3-3 point invasion query 1

  Difficulty: Intermediate   Keywords: Joseki, Question
[Diagram]
Trouble for White?  

Scartol: I apologize if this seems like a facile question, but I'm starting to get into the 3-3 invasion, and I don't know what I'm doing.

Suppose Black plays the low hane instead of the high with B4. I assume W5, but what then? Can't Black come around with B6 and slam into White's corner, possibly killing it?



Bill: I think that usually W5 at B6 is better.

Adamzero: For Black to make the hane at B4 is unreasonable. It could lead to many possible results, three of which I've shown, and none of which are any good for Black.

[Diagram]
White walks on the fourth line  

The first diagram lets White make territory on the fourth line and leaves Black with tons of cutting points.

[Diagram]
White lives with aji  

The second diagram lets White live easily and get the aji of the clamp at a or, considering the strength of White's corner, the cut at b or the hane at c if Black responds to protect at d.

[Diagram]
White lives with aji - variant  

The third diagram leaves Black with even more cutting points, and Black cannot prevent White from using at least one of them, if desired.


JamesA: Sorry, Adamzero, but I'm not sure your analysis is correct!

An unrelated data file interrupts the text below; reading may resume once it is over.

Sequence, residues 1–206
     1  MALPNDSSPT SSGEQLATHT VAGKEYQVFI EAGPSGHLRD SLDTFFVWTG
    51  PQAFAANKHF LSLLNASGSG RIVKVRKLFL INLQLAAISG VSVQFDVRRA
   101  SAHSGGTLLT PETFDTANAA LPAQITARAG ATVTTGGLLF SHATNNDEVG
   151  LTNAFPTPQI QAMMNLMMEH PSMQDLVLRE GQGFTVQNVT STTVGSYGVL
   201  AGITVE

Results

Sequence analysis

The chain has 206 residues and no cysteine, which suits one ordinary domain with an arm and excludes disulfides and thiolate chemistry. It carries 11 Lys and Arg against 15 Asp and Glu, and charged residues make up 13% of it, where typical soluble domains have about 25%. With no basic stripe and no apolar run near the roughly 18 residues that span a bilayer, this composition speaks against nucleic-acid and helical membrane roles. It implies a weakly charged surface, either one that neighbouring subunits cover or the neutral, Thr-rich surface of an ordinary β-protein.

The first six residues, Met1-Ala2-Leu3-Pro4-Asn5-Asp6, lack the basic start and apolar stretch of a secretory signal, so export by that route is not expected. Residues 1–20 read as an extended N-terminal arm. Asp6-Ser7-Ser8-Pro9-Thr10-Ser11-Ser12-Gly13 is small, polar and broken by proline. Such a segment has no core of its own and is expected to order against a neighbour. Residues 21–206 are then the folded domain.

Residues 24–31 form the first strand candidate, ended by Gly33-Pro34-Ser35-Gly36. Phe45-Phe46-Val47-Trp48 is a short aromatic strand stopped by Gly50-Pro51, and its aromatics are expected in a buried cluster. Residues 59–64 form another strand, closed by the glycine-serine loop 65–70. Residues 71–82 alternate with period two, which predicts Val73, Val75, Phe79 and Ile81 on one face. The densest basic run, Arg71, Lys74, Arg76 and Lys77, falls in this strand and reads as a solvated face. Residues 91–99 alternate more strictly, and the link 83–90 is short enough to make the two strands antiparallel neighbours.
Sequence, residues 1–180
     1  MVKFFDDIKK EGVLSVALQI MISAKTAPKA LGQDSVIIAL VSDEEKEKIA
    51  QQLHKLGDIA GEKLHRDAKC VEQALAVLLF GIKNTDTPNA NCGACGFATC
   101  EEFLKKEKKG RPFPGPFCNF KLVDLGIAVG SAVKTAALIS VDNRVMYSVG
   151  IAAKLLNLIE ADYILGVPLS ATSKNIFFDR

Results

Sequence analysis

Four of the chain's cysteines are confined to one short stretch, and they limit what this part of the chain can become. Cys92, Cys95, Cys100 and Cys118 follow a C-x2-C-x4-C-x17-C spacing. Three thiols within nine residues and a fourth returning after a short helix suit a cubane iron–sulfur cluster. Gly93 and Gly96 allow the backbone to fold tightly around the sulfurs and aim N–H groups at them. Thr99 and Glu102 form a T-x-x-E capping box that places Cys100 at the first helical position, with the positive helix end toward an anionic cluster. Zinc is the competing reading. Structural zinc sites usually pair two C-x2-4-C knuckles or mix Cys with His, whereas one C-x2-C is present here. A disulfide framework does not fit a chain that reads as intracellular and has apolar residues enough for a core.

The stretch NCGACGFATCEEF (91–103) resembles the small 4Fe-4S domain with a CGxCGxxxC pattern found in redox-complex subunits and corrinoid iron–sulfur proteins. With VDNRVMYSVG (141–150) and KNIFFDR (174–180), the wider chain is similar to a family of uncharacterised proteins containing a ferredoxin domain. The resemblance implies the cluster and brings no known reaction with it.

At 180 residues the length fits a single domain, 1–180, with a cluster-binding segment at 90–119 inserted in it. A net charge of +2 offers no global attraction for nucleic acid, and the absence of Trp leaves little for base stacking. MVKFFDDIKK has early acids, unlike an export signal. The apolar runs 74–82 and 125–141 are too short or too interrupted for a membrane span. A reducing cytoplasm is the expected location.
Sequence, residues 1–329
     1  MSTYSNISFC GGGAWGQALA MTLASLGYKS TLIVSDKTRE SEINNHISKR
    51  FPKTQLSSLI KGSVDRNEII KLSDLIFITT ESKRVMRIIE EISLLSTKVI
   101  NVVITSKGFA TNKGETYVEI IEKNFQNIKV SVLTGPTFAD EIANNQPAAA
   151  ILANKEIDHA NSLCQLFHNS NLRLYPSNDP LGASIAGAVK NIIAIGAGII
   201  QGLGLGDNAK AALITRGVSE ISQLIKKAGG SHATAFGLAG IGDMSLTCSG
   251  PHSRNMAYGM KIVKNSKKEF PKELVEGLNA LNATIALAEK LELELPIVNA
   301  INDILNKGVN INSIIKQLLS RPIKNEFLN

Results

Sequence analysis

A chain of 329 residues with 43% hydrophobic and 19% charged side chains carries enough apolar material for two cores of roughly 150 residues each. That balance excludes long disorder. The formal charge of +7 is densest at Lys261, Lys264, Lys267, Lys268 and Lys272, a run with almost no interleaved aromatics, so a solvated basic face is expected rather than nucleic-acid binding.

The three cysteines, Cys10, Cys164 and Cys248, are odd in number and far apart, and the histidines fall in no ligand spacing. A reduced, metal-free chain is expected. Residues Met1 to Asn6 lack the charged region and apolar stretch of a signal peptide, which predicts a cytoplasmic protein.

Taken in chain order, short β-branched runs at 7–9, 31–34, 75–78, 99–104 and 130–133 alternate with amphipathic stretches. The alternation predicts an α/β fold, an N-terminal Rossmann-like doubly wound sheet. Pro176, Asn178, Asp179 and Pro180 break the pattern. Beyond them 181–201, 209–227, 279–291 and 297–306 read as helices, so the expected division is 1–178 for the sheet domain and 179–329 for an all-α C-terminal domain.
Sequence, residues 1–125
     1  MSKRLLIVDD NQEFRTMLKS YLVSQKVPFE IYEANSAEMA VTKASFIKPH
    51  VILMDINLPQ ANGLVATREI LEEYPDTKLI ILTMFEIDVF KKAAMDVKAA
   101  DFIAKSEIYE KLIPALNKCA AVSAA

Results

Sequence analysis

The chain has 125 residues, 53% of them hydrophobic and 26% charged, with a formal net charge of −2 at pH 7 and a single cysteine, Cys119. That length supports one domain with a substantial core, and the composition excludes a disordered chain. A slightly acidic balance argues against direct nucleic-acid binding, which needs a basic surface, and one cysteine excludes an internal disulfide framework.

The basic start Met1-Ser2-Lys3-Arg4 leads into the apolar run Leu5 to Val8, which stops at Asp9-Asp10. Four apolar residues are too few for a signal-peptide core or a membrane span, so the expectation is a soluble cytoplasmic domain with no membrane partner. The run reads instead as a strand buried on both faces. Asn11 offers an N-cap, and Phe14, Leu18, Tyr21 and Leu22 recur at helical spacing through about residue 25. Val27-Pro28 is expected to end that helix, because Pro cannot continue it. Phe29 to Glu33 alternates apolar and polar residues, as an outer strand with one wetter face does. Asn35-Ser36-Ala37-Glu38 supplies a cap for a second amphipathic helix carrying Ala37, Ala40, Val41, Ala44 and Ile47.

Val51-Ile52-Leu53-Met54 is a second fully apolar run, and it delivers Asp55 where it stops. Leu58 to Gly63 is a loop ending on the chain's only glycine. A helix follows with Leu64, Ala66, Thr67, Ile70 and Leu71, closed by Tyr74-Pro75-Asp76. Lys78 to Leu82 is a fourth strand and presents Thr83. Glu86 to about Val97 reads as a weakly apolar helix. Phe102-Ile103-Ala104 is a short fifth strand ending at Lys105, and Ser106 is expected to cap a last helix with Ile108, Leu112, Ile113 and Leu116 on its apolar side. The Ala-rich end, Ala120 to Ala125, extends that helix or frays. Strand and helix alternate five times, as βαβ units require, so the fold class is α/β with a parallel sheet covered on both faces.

[Diagram]
White crawls on the second line  

I think W5 is an overplay. Can't Black cut with B6 to punish it?

[Diagram]
White lives with aji?  

White [Do you mean Black here?] can play at W10, eliminating the cut at b in your diagram, and taking away the value of c. Black is now thick on the outside - I think this position is OK for Black. The clamp at a is a gote endgame move; if Black answers with d, White must then play e. This is only big if Black tries to make territory at the top.



Bill Spight: White can cut at d instead, and Black has no ladder. B10 is better at b.
[Diagram]
The same  

This sequence is more or less the same as the last. Black should finish up with B9, leaving very little aji for White. Black is pretty thick again. However, this is not as good as the joseki variations covered earlier.



Adamzero: Thanks for the corrections.


[Diagram]
Joseki  

Dieter 1d: In answer to B3, White can also counter hane and leave the capture at a for later. B5 is to prevent the cut at b. After this joseki, White has peeps at c and/or d.

Bill: That is joseki?

[Diagram]
Joseki? (2)  

How about W1? After B2 - W3, Black has difficulties. Now a and b are miai for White to live in the corner.

[Diagram]
Joseki? (3)  

B4 fills the ko.

After W7 Black again has difficulties.

[Diagram]
Not Joseki either  

Dieter: You are right Bill, I was getting confused with this line of play.

DJ: I have changed the name of the diagram, which cannot really be considered Joseki, see 44Point33InvasionJosekiHaneInsideCut.

Bill: In response to a question by mAsterdam as to when the second line hane is correct, here is the only case I know. It is one joseki when Black makes a one-space pincer.

[Diagram]
Joseki  
[Diagram]
According to Baduk TV 2 in the previous diagram is a slack move - White should punish Black as in the following diagram:  
[Diagram]
Possible continuation:  
[Diagram]
Best sequence for black is, but hane on the second line should be played only in special circumstances.  

3-3 point invasion query 1 last edited by 129.215.26.109 on June 28, 2013 - 11:02
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